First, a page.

I've often been puzzled why Wes Craven's Scream films needed to be parodied by the Wayans brothers in their Scary Movie series - how many times can you pile take-offs on top of one another? Damian Hess and Gaby Alter apparently believed the horror genre could support another level or two of complication, and created Young Zombies in Love, playing at the Fringe Festival.
The catch, of course, is that this show - a production of the San Francisco Bay Area theatre company, Emerald Rain Productions - is a musicalization of the Scary Movie style of film, with a bit of Buffy the Vampire Slayer thrown in for good measure. There's nothing inherently wrong with the premise, familiar ground though it may be, but the execution is so predictable and underwhelming that this adolescent spin on an already tired genre feels painfully familiar after playing for just five minutes. (The running time, it should be noted, is 90 minutes.)
The show is peppered with mock-rock and faux-pop numbers (written by Alter) that don't really articulate the characters or advance the story; instead they're interludes, thematically related but not truly integrated. Given the broad performing style used by all of the actors, and the almost unbearable volume at which most of the numbers are shrieked and blared at the audience (no sound designer is credited), this feels like less of a musical than a concert with backup singers and dancers (billed in the program as the "Chorus of the Accurs'd" and "the Stolid Cold Dancers"), into which a few skits have been haphazardly inserted.
Hess's story, such as it is, focuses on two high-school seniors, Nick and Lu (Daniel Zaitchik and Erica Ash), who are in love but feel threatened by the disappearances of their classmates. When it becomes clear that the dead are turning into zombies and attempting to take over the city (Tomb Town), Nick and Lu want to stop it, but can't convince most of the adults (including Lu's mother, played by Cynthia Pierce, and the town sheriff, played by Lawrence Feeney) to take the threat seriously. How the story ends won't be spoiled here, but the show's title can give you a pretty good idea.
Hess occasionally pops off a few clever lines ("I shouldn't talk smack about the living dead"), but is generally more likely to wring cheap laughs out of the audience through techniques like having one character repeatedly say "an horde." (That line is delivered by Kevin Townley, giving one of the show's more memorable, if still over-the-top, performances.) Attempts to make the battle against the zombies seem politically relevant ("Real bravery lies in not combating menaces," and so on) generally fall flat. So do Alter's songs, which may be acceptable pop tunes, but contain enough false rhymes to throw musical theatre lovers into fits. (These include rhyming "girlfriends" with "whirlwinds" and "best" with "just.")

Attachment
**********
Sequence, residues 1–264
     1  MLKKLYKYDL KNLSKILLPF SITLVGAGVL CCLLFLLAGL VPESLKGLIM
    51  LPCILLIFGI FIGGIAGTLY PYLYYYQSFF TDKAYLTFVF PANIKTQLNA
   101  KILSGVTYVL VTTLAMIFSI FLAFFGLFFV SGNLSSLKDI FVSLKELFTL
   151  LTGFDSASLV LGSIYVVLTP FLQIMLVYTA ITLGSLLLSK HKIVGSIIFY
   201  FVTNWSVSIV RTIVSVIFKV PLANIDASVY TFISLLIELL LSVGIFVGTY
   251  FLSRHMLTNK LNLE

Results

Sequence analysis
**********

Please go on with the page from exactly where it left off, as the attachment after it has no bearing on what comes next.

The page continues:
Director Jackson Gay always keeps the production's energy up and its attitude consistent, though the mood is always in danger of being dissipated by Joshua Carlson's insipid, music-video inspired choreography. Erik Flatmo's set, Jenny Mannis's costumes, and Thomas Dunn's lights all provide minimal visual thrills, but serve the material as well as could be expected. So do the actors, for the most part, though they seem to have been hired for their comic acumen more than their singing voices. Of course, as today's pop music proves, you don't need to be a great singer - or, most of the time, even a good one - to have a career, so it can't really be said anyone is miscast.
Nor, however, is anyone doing particularly exceptional work; however, once the show's central joke wears off, how can the comedy really increase in intensity? Uneven as the Scary Movie films are, the Wayans brothers are capable of finding and building up at least a few new jokes to keep the laughs coming throughout; Hess and Alter seem to lose interest about halfway through. Audiences at Young Zombies in Love can't be blamed if they do, as well.
New York International Fringe Festival